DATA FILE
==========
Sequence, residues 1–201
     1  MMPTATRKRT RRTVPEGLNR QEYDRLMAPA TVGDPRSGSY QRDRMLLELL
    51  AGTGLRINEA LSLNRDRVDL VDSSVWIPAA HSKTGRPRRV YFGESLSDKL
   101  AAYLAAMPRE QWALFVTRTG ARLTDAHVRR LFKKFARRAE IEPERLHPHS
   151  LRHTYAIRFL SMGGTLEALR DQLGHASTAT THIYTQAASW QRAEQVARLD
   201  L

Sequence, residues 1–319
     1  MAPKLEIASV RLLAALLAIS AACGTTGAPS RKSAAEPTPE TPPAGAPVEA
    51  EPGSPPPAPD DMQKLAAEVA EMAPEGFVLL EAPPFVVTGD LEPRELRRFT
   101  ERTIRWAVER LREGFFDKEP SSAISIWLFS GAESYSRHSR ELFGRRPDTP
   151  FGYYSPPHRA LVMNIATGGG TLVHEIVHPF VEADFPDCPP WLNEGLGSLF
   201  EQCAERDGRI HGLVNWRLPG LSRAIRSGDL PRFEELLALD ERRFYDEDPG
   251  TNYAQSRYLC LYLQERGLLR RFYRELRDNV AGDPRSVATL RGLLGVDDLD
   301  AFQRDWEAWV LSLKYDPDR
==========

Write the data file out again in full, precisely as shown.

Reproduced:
Sequence, residues 1–201
     1  MMPTATRKRT RRTVPEGLNR QEYDRLMAPA TVGDPRSGSY QRDRMLLELL
    51  AGTGLRINEA LSLNRDRVDL VDSSVWIPAA HSKTGRPRRV YFGESLSDKL
   101  AAYLAAMPRE QWALFVTRTG ARLTDAHVRR LFKKFARRAE IEPERLHPHS
   151  LRHTYAIRFL SMGGTLEALR DQLGHASTAT THIYTQAASW QRAEQVARLD
   201  L

Sequence, residues 1–319
     1  MAPKLEIASV RLLAALLAIS AACGTTGAPS RKSAAEPTPE TPPAGAPVEA
    51  EPGSPPPAPD DMQKLAAEVA EMAPEGFVLL EAPPFVVTGD LEPRELRRFT
   101  ERTIRWAVER LREGFFDKEP SSAISIWLFS GAESYSRHSR ELFGRRPDTP
   151  FGYYSPPHRA LVMNIATGGG TLVHEIVHPF VEADFPDCPP WLNEGLGSLF
   201  EQCAERDGRI HGLVNWRLPG LSRAIRSGDL PRFEELLALD ERRFYDEDPG
   251  TNYAQSRYLC LYLQERGLLR RFYRELRDNV AGDPRSVATL RGLLGVDDLD
   301  AFQRDWEAWV LSLKYDPDR